By the afternoon her concentration was clearly suffering and she would regularly go to the ladies toilets to use her ‘mouth wash’. Sue Ellen’s colleagues were aware of the constant smell of alcohol on her breath.

Thankfully the employer had kept a log of events. With a potential disciplinary there is nothing worse than not having an accurate recording of evidence, so I always congratulate companies who have the fore thought to carry out this very important task of information gathering.

Sue Ellen was invited to an investigatory meeting to discuss her work performance and time keeping.

During the meeting we were able to ascertain, through prepared and careful questioning that Sue Ellen did indeed consume anything upwards of six units of alcohol between getting up in the morning and leaving work at five thirty. After that time she continued to drink into the evening, but wasn’t prepared to say to what extent.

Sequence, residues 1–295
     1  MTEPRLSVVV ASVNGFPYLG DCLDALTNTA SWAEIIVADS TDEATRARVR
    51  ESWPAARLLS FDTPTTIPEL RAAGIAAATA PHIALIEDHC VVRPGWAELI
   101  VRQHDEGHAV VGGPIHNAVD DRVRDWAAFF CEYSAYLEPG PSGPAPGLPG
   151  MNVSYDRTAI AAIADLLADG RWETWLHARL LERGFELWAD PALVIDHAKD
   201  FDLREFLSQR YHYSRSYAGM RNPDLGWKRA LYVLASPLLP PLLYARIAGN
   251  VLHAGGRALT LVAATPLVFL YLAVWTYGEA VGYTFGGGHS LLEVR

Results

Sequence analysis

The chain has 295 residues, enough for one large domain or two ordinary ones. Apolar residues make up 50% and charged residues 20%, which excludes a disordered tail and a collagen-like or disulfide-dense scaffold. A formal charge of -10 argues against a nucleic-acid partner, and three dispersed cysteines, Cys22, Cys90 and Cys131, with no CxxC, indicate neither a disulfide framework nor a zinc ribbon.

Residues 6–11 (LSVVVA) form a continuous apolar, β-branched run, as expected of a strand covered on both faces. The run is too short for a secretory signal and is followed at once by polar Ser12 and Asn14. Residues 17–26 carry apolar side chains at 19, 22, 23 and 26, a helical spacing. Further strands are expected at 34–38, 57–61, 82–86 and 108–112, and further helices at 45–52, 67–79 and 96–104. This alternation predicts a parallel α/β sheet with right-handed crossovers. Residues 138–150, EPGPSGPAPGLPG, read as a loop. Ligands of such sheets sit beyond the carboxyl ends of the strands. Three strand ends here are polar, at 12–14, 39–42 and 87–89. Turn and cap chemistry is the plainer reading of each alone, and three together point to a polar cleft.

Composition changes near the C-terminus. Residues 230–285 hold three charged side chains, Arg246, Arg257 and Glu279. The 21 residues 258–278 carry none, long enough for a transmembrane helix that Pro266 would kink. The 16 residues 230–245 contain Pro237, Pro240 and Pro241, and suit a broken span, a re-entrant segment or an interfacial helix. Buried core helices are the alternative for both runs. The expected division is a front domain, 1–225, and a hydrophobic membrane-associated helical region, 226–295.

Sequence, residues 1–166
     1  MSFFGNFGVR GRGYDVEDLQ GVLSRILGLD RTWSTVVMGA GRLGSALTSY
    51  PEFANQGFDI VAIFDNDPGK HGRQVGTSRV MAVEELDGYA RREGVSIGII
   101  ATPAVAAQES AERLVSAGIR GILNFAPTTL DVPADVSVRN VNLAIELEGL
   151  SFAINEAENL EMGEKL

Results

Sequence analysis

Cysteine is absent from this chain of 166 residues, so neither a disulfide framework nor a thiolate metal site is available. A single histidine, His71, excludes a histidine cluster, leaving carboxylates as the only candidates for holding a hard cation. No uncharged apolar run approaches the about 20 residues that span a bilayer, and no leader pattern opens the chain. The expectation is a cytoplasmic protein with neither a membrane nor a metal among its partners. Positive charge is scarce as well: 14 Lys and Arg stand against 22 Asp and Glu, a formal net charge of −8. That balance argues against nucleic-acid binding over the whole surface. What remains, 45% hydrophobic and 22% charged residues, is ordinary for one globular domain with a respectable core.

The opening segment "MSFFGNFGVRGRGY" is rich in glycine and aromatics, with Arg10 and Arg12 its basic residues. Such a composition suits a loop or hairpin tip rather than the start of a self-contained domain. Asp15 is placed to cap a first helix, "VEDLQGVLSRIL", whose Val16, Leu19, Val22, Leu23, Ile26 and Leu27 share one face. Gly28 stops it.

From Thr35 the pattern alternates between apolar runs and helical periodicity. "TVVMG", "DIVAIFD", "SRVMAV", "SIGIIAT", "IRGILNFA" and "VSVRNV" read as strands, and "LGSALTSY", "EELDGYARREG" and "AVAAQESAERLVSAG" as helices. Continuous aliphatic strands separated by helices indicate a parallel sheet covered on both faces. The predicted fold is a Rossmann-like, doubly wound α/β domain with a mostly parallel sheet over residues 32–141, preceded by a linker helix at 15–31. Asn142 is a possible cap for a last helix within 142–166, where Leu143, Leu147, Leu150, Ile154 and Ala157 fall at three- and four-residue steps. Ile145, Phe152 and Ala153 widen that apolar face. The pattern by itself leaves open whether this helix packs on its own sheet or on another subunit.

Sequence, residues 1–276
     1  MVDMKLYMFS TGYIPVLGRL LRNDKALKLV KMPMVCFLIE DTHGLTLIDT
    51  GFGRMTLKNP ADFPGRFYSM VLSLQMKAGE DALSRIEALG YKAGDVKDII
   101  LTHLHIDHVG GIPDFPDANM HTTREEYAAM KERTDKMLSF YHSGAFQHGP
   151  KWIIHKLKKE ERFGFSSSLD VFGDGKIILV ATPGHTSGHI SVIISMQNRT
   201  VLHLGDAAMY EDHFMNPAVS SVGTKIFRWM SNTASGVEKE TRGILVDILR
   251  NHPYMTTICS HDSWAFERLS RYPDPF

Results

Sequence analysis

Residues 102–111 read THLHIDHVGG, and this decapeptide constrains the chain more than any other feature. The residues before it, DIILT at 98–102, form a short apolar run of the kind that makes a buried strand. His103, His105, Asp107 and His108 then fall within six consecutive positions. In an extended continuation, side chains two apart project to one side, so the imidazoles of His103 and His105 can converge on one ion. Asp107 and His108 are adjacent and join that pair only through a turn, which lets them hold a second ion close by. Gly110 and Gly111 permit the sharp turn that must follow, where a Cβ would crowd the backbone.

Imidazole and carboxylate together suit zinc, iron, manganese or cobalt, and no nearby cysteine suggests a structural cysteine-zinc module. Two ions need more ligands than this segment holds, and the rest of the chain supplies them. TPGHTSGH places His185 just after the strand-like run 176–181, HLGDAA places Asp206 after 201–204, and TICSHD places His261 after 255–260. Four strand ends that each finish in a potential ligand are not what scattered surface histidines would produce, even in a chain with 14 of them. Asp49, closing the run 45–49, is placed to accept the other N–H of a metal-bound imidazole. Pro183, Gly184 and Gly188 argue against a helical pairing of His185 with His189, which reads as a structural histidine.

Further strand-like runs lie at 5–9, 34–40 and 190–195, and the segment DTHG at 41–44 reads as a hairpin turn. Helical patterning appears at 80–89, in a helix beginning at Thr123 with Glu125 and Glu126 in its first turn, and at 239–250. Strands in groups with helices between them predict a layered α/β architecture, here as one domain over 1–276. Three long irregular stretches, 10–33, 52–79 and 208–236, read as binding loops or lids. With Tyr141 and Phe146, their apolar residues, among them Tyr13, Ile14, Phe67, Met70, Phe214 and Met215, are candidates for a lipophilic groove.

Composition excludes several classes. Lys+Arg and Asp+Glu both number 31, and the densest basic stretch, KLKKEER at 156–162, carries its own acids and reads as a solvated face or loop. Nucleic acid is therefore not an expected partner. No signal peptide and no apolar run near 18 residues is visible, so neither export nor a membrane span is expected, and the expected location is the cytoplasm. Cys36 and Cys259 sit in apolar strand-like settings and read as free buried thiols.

Her husband was on the verge of leaving her as he couldn’t cope with her problem and she had refused to get help, she did not consider the drinking was an issue. She simply saw it as a way of getting through each day and couldn’t imagine a day without her ‘prop’.

Sue Ellen did admit, however, that her bottle of mouthwash actually contained Vodka – she offered no excuse for this!

Given that she had been with the company only five months, she sensed the ‘cat was out of the bag’ and resigned on the spot.

We did ask if she had considered seeking help to cope with getting through the day in a different way, rather than resorting to alcohol, but she resisted the suggestion and said she would rather move on. ‘Fight or flight’ syndrome!

We could do no more at this stage. However, two days later an agency phoned for a reference, but wanted to speak ‘off the record’ as they suspected Sue Ellen might have a ‘deeper’ issue.

So what should you do?

I’ll see what your responses are then let you know the outcome next week!

Committed to the end
I’m encountering more and more employers who are prepared to invest in their staff in terms of training and benefits. This is an interesting development as there seems to be more value now in retaining employees for longer periods and, who knows, we may see a return of the ‘gold watch’ at retirement. An old tradition which appears to have slipped into time itself.